In order to thwart poorly-behaved programs, Windows 10 made a relatively major change to the way default programs are set. The change can be a little startling if you’re not prepared for it.
So, let’s prepare.
What’s a default program?
A default program is the program that Windows associates with a specific type of file or a specific action.
If you’re not using your web browser and you request a web page – say by clicking a link in a PDF document – Windows knows which web browser to use, even if you have more than one installed. It’s this specific browser that’s considered your “default”. In my case, I have several browsers installed, but Google Chrome is my default browser.
Other examples include the default mail program used when you click on a link to send email, or the default program to open a document of a specific type, such as using Microsoft Word to open “.docx” files, instead of some other program.
The problem: malicious behavior
Windows includes a way for programs to check the current default for a specific operation, as well as a way to set the default. You’ve probably run into this when running a second internet browser and having it tell you that it’s not currently the default, would you like to make it so?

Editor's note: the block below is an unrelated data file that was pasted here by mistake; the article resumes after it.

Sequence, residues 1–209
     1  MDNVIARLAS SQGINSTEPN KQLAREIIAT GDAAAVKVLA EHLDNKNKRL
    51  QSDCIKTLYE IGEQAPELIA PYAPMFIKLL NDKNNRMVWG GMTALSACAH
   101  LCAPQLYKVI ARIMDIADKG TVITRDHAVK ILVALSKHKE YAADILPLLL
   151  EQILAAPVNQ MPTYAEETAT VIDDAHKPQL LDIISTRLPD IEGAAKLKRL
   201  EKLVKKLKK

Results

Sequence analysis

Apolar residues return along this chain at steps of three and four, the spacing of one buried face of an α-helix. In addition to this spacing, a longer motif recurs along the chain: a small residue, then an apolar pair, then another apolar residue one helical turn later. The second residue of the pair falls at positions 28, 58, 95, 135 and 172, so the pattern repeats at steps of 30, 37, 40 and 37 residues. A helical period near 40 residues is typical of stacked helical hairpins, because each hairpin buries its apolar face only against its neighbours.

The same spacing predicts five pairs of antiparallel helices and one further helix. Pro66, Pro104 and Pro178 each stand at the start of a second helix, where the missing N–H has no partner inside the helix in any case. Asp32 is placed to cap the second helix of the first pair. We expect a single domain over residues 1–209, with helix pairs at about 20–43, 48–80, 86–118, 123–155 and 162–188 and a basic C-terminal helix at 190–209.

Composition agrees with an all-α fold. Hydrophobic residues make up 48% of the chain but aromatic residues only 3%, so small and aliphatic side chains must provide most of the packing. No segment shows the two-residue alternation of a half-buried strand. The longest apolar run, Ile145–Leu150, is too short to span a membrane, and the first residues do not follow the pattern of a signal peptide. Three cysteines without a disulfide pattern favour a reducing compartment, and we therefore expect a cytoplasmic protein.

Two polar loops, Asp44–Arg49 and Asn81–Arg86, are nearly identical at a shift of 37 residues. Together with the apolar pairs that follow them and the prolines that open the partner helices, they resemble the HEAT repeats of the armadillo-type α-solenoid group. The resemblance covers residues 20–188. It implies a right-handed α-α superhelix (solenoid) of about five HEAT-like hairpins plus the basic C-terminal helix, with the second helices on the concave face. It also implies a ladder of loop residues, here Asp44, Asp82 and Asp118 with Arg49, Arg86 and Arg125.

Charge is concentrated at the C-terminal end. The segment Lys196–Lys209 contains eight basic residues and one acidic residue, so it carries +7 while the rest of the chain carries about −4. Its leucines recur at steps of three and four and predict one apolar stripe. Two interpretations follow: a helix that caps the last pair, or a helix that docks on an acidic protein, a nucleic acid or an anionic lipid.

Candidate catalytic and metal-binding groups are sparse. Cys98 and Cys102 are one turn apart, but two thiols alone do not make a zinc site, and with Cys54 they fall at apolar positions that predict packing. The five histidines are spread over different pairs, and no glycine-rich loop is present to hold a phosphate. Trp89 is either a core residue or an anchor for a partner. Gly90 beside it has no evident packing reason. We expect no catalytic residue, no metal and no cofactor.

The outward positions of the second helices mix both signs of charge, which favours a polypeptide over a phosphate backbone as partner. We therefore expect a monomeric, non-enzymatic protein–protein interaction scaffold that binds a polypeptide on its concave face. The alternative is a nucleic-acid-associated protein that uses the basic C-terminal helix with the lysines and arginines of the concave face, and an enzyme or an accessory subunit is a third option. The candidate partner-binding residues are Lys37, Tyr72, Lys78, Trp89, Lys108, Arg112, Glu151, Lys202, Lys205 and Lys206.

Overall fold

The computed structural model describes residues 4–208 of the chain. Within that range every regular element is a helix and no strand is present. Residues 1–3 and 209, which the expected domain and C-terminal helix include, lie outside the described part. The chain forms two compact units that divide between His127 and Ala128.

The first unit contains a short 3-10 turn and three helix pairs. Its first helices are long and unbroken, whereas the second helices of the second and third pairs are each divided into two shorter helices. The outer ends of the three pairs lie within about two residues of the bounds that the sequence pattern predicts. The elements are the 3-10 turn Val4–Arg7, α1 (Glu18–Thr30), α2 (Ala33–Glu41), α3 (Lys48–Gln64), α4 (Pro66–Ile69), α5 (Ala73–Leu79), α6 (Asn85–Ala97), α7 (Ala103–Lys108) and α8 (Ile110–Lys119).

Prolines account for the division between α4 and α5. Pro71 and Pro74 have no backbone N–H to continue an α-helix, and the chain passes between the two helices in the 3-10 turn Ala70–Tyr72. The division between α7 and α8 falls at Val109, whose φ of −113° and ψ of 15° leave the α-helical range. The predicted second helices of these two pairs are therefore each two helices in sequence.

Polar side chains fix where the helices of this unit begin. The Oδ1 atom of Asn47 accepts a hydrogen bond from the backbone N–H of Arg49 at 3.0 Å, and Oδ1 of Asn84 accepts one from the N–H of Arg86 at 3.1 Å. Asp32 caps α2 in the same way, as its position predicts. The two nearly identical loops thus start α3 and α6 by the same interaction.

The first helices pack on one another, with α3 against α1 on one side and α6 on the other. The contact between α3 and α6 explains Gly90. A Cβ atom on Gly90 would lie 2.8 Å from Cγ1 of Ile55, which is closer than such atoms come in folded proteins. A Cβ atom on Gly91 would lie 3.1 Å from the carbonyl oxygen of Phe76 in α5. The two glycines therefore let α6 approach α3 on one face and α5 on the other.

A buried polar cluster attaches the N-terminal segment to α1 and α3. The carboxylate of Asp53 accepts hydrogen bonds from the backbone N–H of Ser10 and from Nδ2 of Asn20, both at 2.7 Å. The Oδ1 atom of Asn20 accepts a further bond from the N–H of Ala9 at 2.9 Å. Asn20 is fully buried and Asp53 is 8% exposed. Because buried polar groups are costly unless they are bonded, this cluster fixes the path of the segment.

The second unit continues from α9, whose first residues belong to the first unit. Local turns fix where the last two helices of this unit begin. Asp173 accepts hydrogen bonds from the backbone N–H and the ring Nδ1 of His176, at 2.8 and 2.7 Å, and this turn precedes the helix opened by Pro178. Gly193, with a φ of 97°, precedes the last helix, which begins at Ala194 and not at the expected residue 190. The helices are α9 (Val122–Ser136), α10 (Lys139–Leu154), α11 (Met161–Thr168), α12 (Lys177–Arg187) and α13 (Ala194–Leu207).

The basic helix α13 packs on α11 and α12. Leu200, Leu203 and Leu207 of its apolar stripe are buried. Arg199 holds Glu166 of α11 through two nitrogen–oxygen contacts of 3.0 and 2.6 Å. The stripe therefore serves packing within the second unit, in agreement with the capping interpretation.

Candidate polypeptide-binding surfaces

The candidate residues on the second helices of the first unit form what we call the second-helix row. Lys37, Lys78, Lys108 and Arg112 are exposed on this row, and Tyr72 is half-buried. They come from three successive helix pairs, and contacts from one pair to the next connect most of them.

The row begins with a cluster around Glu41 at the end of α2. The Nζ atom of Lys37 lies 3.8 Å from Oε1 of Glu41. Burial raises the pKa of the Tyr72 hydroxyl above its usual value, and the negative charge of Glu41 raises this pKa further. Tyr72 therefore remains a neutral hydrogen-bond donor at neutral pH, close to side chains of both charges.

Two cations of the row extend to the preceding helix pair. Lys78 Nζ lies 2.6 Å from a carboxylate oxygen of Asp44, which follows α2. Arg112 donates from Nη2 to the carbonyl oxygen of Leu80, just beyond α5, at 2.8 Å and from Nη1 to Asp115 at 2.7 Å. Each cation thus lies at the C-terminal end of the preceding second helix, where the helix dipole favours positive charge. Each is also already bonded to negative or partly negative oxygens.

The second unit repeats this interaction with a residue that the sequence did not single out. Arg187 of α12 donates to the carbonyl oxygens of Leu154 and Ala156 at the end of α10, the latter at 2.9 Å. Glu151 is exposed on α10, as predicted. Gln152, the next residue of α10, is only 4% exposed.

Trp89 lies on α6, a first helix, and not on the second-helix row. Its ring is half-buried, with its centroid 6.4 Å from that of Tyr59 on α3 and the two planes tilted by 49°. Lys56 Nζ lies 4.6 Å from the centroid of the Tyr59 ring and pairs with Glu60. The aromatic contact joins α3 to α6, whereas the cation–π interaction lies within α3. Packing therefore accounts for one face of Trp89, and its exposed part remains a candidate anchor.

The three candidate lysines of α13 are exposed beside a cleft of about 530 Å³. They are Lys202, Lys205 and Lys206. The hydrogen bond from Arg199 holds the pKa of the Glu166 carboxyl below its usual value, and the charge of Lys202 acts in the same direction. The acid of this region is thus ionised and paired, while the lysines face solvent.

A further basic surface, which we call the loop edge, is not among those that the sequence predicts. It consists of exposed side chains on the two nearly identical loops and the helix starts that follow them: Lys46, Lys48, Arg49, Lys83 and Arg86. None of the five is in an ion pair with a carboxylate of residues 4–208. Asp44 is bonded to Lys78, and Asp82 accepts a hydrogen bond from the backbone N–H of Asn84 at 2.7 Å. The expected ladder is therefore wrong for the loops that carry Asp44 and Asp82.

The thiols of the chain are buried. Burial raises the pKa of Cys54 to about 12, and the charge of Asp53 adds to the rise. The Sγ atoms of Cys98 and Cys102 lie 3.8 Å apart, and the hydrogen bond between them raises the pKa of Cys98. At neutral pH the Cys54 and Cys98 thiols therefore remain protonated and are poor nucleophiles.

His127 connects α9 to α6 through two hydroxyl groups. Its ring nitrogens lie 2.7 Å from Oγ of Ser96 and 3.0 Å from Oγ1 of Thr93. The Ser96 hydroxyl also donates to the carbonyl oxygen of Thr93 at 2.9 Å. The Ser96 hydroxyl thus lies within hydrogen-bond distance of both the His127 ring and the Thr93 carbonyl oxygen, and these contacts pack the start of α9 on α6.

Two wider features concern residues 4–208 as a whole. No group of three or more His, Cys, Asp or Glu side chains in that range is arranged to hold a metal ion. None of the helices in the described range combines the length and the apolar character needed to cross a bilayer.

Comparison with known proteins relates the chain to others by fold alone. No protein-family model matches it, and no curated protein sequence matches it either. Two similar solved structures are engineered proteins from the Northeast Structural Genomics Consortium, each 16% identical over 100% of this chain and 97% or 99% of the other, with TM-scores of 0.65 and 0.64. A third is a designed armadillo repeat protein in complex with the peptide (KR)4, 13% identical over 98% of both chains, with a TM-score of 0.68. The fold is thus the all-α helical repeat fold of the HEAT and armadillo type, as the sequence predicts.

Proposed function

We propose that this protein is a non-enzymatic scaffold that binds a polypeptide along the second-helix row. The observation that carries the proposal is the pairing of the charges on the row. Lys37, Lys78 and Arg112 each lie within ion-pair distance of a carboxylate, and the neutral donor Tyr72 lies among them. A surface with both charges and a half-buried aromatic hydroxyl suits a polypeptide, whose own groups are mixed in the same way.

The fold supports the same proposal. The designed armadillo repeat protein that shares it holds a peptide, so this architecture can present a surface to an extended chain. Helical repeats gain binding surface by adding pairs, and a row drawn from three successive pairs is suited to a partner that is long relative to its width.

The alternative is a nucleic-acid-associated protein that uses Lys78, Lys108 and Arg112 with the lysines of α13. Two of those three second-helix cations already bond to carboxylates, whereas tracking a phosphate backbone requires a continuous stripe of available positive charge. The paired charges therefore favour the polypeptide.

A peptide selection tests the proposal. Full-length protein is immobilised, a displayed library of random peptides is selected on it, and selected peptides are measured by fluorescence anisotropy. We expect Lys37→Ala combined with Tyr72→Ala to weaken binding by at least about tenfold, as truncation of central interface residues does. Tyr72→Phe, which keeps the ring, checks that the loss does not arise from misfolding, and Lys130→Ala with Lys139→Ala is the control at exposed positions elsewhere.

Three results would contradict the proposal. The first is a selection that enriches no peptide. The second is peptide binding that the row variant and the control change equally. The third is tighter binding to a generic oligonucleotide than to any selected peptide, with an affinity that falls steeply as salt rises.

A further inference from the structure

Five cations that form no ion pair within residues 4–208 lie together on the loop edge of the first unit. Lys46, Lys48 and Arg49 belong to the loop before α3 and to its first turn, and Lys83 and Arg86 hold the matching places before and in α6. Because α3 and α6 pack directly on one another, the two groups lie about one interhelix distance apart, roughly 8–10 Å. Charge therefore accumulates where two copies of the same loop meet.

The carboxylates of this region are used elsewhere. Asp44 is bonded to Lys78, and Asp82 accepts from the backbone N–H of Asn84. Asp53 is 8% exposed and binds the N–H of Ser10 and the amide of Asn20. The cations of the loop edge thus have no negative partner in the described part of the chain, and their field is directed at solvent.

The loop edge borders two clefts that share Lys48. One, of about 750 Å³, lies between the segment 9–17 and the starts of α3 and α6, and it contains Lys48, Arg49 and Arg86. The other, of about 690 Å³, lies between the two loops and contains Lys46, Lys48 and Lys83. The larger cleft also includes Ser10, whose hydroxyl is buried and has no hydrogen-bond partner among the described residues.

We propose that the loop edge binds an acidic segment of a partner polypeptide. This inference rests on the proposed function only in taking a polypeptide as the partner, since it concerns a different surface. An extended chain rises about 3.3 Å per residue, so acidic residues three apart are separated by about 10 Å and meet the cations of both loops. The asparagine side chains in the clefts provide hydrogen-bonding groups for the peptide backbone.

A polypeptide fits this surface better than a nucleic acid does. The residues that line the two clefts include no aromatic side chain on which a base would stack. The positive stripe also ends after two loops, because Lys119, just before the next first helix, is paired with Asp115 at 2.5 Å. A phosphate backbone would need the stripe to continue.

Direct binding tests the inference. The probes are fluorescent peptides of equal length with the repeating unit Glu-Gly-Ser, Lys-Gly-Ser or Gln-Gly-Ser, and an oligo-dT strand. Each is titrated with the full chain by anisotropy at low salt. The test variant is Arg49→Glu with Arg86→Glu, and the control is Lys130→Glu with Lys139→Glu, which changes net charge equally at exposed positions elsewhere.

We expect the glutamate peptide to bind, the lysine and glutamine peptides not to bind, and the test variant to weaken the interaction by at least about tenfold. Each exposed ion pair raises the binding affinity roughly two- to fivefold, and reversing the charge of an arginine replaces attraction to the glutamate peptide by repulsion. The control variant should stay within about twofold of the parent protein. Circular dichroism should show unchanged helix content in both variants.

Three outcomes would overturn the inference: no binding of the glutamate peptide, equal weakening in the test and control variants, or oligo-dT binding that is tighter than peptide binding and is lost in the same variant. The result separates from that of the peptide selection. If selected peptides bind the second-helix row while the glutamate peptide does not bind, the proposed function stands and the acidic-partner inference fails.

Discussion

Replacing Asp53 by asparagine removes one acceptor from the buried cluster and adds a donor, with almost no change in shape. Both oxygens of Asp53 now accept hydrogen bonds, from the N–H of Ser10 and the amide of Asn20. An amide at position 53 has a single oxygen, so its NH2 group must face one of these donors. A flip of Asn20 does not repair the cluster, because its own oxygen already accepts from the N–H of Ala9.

With a click, you can change your default browser – or you can ignore the message, and nothing will be changed.
The problem? Overly-aggressive programs can change your defaults without asking. Particularly when installing software, PUPs and downright malicious software can change things such that the next time you open a web page or a document, or click on a link to send mail, their software runs instead of your previously-configured default.
Programs can no longer make direct changes to default associations.
Instead, any attempt to do so is treated as if it were a request, and the Control Panel Settings App is run for you to make the change yourself.
For example, if you click the “Set as default” button presented by Google Chrome to make it your default browser, rather than immediately making the change, as in the past, you’ll be presented with the Settings App.
If you really want to make the change, click on the current default, and then choose from a list of alternatives.
If the “request” originated from elsewhere – perhaps some less-than-honest software being installed – you can simply close the settings app, and no change will be made.
In either case, you’ve been explicitly alerted to the attempted change.
My take-away is this: if we’re going to be taken to the settings app all the time anyway, why not just start there if we really do want to change something?
For example, I would fire up the Settings App, and then under System, Default apps, make any or all the changes I might want to.
It’s not something you need to do often, but rather than bouncing back and forth between the running application and the settings app, it feels a little less confusing to just start in Settings and proactively make the change.
Either way, you’re going to end up in the Settings app.